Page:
False Positives / What Are They Doing Here?

by | Mar 10, 2022 | Uncategorized | 0 comments

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False positives can be difficult to disprove and even harder to understand. They stem from an automated product, like a vulnerability scanner, doing its best to determine whether a specific condition exists or not. Unfortunately, a lot of people end up trying to mitigate or remediate problems that might not even be present when these make it into a report. Ironically, if they do not make it into a report, you might think your vendor isn’t catching all the vulnerabilities in your environment if you don’t know how to perform manual validation of these issues. Most commonly, these occur in web applications because a scanner will think any reflected value might be a cross-site scripting or SQL injection error. We leave them in our deliverable for multiple reasons, some of which I will discuss briefly here.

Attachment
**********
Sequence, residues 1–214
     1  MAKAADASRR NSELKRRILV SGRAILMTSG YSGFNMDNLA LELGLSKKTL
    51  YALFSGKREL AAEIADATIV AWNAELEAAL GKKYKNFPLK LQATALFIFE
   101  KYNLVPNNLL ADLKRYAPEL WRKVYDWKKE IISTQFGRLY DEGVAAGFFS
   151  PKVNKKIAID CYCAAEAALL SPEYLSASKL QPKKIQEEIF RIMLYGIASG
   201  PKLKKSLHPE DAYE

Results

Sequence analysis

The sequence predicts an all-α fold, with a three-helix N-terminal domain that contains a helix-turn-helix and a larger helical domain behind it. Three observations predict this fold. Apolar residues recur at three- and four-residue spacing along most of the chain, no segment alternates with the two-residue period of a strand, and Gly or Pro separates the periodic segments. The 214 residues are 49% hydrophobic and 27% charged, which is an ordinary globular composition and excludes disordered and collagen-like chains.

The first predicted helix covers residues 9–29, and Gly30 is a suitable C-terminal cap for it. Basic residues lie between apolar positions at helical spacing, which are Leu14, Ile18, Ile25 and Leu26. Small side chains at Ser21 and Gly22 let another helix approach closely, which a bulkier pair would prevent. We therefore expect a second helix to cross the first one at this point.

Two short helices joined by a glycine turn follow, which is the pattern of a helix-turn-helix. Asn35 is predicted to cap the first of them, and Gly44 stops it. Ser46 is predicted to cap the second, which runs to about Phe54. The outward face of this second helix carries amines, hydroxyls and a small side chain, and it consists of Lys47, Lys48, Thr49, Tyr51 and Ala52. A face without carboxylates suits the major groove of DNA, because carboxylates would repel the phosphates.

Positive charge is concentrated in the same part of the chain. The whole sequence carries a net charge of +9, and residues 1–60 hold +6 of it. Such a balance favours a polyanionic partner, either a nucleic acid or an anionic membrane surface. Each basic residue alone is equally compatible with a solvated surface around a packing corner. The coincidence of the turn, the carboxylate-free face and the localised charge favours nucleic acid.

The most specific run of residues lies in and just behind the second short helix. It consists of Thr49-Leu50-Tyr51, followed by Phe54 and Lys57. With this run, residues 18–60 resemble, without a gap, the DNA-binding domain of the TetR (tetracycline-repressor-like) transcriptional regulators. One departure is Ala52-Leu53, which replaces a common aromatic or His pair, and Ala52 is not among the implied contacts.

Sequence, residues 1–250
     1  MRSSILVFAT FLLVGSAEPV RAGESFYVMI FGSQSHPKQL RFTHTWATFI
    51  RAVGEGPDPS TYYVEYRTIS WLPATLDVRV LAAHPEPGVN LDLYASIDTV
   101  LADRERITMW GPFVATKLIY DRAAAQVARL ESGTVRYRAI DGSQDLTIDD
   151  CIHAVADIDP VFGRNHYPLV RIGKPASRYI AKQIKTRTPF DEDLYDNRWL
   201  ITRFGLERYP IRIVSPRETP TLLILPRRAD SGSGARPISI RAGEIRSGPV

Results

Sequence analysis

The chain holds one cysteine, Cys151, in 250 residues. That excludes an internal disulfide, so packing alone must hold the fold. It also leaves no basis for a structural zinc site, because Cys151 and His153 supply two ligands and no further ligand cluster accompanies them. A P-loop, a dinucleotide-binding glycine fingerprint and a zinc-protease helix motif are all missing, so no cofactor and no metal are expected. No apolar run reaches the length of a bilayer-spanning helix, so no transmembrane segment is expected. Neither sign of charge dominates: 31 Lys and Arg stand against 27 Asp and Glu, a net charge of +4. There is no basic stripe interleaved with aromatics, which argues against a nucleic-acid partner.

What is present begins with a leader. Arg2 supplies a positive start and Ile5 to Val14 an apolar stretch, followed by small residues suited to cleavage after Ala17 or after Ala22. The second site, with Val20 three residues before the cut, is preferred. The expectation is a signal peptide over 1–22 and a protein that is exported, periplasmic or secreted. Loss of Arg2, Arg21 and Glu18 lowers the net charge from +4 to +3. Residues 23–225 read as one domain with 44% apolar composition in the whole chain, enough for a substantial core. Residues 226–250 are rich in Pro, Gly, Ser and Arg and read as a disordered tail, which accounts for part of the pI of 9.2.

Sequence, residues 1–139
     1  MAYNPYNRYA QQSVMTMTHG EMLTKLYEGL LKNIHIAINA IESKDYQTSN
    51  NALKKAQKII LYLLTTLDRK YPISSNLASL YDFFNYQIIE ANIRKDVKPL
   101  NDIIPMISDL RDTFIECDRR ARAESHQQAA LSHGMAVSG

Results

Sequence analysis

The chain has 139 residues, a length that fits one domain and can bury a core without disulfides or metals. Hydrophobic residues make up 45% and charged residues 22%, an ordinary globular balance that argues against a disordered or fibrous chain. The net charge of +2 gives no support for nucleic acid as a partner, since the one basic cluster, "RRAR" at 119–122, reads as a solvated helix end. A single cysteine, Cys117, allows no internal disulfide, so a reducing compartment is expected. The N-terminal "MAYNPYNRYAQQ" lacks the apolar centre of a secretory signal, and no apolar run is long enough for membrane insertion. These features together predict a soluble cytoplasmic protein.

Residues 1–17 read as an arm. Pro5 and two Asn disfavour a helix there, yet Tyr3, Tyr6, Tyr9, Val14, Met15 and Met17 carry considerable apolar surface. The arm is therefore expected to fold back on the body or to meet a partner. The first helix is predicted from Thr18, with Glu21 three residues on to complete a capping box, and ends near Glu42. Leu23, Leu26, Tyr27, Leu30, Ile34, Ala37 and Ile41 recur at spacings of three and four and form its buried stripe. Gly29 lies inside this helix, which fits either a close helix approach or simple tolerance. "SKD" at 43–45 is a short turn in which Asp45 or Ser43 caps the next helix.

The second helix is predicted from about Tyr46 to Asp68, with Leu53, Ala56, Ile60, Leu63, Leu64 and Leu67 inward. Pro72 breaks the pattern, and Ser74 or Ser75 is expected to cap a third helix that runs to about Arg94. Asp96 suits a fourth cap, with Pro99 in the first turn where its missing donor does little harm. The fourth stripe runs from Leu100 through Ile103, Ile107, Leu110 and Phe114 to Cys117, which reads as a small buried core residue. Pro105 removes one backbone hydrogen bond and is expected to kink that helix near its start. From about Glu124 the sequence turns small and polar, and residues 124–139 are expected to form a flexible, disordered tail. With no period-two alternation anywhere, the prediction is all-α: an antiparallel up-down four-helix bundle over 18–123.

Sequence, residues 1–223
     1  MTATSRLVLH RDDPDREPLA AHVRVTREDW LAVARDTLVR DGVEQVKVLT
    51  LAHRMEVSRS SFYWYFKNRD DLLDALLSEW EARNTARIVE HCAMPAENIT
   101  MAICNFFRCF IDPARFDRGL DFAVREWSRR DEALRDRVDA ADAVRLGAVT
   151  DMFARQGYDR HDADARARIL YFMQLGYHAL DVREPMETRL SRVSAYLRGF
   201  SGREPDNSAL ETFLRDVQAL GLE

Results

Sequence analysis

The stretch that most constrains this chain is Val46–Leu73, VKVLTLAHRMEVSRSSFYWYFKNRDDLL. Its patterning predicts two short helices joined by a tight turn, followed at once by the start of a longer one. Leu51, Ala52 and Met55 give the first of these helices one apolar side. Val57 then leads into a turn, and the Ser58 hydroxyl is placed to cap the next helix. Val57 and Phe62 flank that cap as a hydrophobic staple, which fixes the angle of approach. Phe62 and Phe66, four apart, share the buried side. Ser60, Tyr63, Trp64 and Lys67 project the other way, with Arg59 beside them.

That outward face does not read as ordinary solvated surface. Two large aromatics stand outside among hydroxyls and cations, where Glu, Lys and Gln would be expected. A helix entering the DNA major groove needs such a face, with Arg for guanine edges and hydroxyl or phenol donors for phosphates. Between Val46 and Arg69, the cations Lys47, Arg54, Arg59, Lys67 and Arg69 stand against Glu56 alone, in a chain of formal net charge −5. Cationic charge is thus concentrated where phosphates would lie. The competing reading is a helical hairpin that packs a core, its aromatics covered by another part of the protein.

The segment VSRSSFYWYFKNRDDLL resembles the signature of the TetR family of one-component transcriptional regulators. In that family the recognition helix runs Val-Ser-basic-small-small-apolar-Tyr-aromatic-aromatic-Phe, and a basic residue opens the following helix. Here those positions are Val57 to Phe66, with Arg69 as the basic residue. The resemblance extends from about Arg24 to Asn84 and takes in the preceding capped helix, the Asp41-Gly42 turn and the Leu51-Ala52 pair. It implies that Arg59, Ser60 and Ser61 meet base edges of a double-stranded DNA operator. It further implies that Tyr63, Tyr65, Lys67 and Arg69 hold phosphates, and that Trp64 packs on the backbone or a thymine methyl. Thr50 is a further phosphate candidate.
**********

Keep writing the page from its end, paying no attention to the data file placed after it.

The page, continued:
One reason we leave these in is what was alluded to earlier; if you or another vendor were to perform the same scanning function and see the vulnerability, we’d want you to know we didn’t miss it during our testing efforts. We also like to display the manual verification to show that we did indeed test to make sure the vulnerability was or was not present. At times we are asked to remove these from our deliverables, and we typically decline. This is decided on by looking at both the overall impact on the reporting effort and the potential risk of the discovered vulnerability. In very rare cases where there is sufficient documentation and collaboration with our client we will redact the vulnerability from the deliverable. Over 95% of the time we leave it in and encourage our clients to use this to their advantage with their superiors by showing the due diligence in disproving the vulnerability and/or the fact that the problem is already remediated in most cases.